Sarah Metcalfe

I received my BS in Biochemistry from St. Bonaventure University in 2016. I joined Dr. Jason Kay’s lab in the department of Oral Biology at the University at Buffalo in 2017. My research focuses on understanding the cell biology of macrophages and dendriticcells in the context of the oral environment to increase our understanding of the roles these cells play in both oral cavity immune homeostasis and disease development. I have also been investigating the interaction between normally commensal oral microbes and classical oral pathogens within the context of the innate immune response.

Tatiane S. Lima

Tatiane Soares de Lima completed her Ph.D. in Physiology at the University of Sao Paulo, Brazil. She moved to California to become a postdoctoral fellow in the Department of Molecular Biology and Biochemistry and the Institute for Immunology at the University of California, Irvine. Tatiane is currently a postdoc in the Laboratory of Dr. Melissa Lodoen. Her research focuses on understanding the cellular and molecular interactions between the intracellular parasite Toxoplasma gondii and the neutrophil. The goal of her research is to define mechanisms of T. gondii immune evasion of human neutrophil-mediated host defense.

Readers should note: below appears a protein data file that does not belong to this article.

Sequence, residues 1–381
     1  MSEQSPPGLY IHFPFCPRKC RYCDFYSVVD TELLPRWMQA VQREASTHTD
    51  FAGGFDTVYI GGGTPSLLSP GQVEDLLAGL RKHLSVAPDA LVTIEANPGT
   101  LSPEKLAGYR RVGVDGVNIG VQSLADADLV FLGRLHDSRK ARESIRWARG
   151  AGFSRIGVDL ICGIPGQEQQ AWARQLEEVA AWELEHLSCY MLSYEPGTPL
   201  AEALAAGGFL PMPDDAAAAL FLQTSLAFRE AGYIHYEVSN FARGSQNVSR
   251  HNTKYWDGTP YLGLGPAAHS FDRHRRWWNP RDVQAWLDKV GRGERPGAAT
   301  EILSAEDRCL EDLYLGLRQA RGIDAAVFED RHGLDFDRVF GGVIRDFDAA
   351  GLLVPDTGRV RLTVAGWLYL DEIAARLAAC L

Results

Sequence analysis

Yeonhee Cho

Graduate student in Szabo Gyongyi Lab. Interdisciplinary Graduate Program in University of Massachusetts Medical School. I’m currently studying and working as a graduate student in Szabo Gyongyi lab in University of Massachusetts Medical School. Alcoholic hepatitis is my research area, and I have been actively participated in the projects identifying a role of neutrophil in alcoholic hepatitis pathogenesis. Previously, I worked in microbiology lab in a cheese company in Toronto, Canada. I was responsible for microbial and chemical testing of milk and cheese products. And one of my projects focused on development of best sanitization and disinfection procedures. I received B.S. with Bioengineering  from Inha University in South Korea.